Bluffer's Guide - Fortress Iran Part 2, Naval Power
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Bluffer’s Guide: Fortress Iran 2, Naval Power
LARGER WARSHIPS (CORVETTES etc)
1 x Mowj Class, Iranian Navy, Iranian built
3 x Alvand Class, Iranian Navy, British built.
1x Hamzeh Class, Iranian Navy, Dutch built
2 x Bayandor Class, Iranian Navy, US built (gun armed, not illustrated)
Alvand Class Corvette
Quantity in Service: 3
Displacement: 1,540 tons full load
Dimensions: L 94.5m, W 11.7m, Dr 3.25m
Powerplant: 2 x Gas Turbines 23,000 shp plus two diesels 1900hp
Armament: 4 x C-802 “Noor” anti-ship missiles, 1 x 114mm Gun, 1 dual 35mm (manned) 3 x (manned) GAM-BO1 20mm cannon, 1 x Limbo ASW mortar (may be inoperable), 2 x triple 12.7mm lightweight torpedoes (Alvand only), 2 x 12.7mm HMGs (manned).
Of 1960s vintage, the remaining Alvand class corvettes have been partially rearmed most crucially with the generally capable C-802 anti-ship missile in place of the obsolete Sea Killer missiles.
Sensor fit and air defences are very poor by contemporary standards and the survivability of these boats in open conflict is seriously open to doubt.
Moudge Class Corvette
Displacement: 1,400 tons
Dimensions: L 94m, W 10m, Dr 3.25m (Actual dimensions may be almost exactly as per Alvand)
Crew: ??? (est 100+)
Powerplant: 2 x 10,000hp diesels
Armament: 4 x C-802 “Noor” anti-ship missiles, 1 x 76mm Gun, 1 CIWS (20mm, indigenous?), 1 x dual AAA (35mm?), 2 x triple 12.7mm lightweight torpedoes
Helicopters: Landing pad only
Also commonly spelt Mowj and Mowaj, this indigenous corvette is essentially a reverse engineered Vosper Mk 5 (Alvand Class, see above). It has several Iranian adaptations, most significantly a purely diesel power pack which results in a significant drop in performance.
Another conspicuous difference is the addition of a helipad on the aft deck, requiring a repositioning of the anti-ship missiles to amidships. Above the bridge is what appears to be a CIWS similar to the US 20mm Phalanx. However at the rear of the ship the AAA appears to be a twin turret, possibly manned 35mm as on the Alvand class. The main gun is a reverse engineered OTO Melara 76mm automatic, an excellent general purpose medium gun albeit somewhat behind the current OTO Melara versions.
Unlike most contemporary corvettes, the Moudge does not feature a radar signature reducing hull form. In all fairness the air defences appear to be a significant improvement over the Alvands, but still someway short of the current norm for warships this size.
The Moudge does not appear to have an ASW sonar.
Displacement: 580 tons
Dimensions: L 52m, W 7.65m, Dr 3.25m
Powerplant: 2 x 1,300hp diesels
Armament: 4 x C-802 “Noor” anti-ship missiles, 1 x main gun (20mm?), 2 x 12.7mm manned heavy machine guns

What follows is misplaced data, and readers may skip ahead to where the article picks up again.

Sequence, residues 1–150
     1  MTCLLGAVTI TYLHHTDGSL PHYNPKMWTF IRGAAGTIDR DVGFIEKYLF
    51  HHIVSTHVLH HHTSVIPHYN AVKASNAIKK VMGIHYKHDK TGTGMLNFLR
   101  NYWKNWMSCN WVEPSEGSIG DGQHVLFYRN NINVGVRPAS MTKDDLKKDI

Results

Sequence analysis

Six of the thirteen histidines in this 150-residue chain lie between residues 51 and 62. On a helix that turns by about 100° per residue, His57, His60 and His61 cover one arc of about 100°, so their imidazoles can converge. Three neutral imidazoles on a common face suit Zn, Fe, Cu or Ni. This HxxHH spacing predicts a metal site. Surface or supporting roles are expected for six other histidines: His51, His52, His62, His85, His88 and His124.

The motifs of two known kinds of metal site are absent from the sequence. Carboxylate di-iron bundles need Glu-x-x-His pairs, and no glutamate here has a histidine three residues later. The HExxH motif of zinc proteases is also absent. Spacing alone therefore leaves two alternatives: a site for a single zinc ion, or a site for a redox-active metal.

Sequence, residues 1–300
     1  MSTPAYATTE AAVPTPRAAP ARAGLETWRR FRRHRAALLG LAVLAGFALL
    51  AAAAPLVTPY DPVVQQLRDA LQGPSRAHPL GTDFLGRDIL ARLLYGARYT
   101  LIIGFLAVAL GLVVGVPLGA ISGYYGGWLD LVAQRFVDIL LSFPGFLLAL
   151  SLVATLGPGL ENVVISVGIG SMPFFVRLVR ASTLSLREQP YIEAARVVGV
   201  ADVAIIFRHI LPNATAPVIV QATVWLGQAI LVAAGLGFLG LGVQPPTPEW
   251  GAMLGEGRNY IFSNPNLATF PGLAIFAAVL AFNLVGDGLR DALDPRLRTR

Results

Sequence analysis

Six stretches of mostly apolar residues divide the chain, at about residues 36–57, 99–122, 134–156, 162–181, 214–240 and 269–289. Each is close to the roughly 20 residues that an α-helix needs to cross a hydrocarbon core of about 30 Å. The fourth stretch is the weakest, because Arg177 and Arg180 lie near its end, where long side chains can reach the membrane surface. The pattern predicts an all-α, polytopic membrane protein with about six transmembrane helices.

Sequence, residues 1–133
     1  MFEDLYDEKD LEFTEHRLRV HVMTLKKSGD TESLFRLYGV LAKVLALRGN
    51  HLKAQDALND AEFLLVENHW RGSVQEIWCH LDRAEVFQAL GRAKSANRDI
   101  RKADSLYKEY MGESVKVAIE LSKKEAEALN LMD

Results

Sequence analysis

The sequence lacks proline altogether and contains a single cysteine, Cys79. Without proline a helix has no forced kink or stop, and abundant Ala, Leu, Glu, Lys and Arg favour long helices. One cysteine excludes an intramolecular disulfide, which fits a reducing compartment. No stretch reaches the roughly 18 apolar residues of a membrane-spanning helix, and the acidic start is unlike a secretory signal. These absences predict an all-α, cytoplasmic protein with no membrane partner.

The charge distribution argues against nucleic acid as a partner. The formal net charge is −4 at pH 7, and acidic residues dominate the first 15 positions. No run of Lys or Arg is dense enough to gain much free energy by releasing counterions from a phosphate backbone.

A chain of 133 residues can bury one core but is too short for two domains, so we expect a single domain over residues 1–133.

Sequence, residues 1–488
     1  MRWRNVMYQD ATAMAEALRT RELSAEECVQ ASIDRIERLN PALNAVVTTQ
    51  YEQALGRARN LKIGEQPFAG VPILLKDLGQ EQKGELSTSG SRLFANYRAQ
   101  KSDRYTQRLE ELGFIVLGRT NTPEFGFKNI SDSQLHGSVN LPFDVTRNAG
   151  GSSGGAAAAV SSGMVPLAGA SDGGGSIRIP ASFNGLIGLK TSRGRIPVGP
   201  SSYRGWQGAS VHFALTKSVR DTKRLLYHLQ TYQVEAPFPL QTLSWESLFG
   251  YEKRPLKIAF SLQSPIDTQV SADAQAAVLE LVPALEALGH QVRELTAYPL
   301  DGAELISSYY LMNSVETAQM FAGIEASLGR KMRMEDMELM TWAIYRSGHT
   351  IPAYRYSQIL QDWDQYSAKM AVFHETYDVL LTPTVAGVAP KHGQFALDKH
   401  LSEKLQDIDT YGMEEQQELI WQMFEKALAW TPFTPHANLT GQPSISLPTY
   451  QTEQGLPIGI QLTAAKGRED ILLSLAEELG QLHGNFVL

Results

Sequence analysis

Originally the Government Yacht, the Hamzeh has been modified to carry C-802 anti-ship missiles and light defences. Main role probably remains training. The boat operates in the Caspian Sea alongside the SINA missile boats. Confusingly the first widespread pictures of her post-refit where accompanying an Iranian press article announcing the entry into service of the SINA type “corvette” Joshan, causing some confusion as to this boat’s identity. The pennant number appears to have changed also.
Despite a popular press photo showing an AB-212 helicopter, the Hamzeh does not appear to have a helipad.
FAST ATTACK CRAFT (Missile/Torpedo)
6 Kaman Class, Iranian Navy, French Built. (10 hulls)
10 Thondar (Houdong) Class, IRGC-N, Chinese built.
2 SINA Class, Iranian Navy, Iranian built (1 hull awaiting fitting out)
10 IPS-18 Tir Class, IRGC-N, North Korean built
10 IPS-16 Peykaap Class, IRGC-N, North Korean built
3+ Taedong-B/C class(s), ????, North Korean built
10 (est) C-14 “China Cat” class, ????, Chinese designed (locally built)
IPS-18 Tir Class Fast Attack Craft (Torpedo)
Quantity in Service: 10
Displacement: 28.16 tons
Dimensions: L 21.12m, W 5.77m, Dr 0.87m H 2.1m
Powerplant: 3 x 1200hp
Armament: 2 x 533mm (21”) torpedo tubes, 1 x manned 12.7mm HMG
Of North Korean origin, these innovative small fast attack boats are clearly designed with radar cross-section reduction in mind. A retractable radar mast further enhances their ability to hide amongst the clutter of small fishing boats and otherwise inconspicuous minor radar reflections. The stealthiness does not extend to the infrared spectrum though, with raw exhausts venting out of the rear of the boat. Nor is the only defensive weapons position well thought out in this regard, being a single pedestal mounted 12.7mm heavy machine gun which is externally crewed.
In the right circumstances these boats represent a serious threat, but they have limited sea keeping, endurance and sensors thus limiting their combat potential in a wider conflict.
They are potentially armed with Shkval rocket torpedo (range about 6-8km), or the Iranian YT534W1 modern heavyweight torpedo (estimated range about 20-30km), but quite possibly employ very basic unguided torpedoes.
IPS-16 “Peykaap” Fast Attack Craft (Torpedo)
Quantity in Service: 10
Displacement: 13.75 tons
Dimensions: L 16.3m, W 3.75m, Dr 0.67m H 1.93m
Powerplant: 2 x 1200hp
Armament: 2 x 324mm (12.75”) torpedo tubes, small-arms
Delivered from North Korea though often claimed as indigenous, the Paykaap is easily perceived as the little brother to the Tir class (see above) because it has similar origin and overall characteristics but is smaller and lighter armed.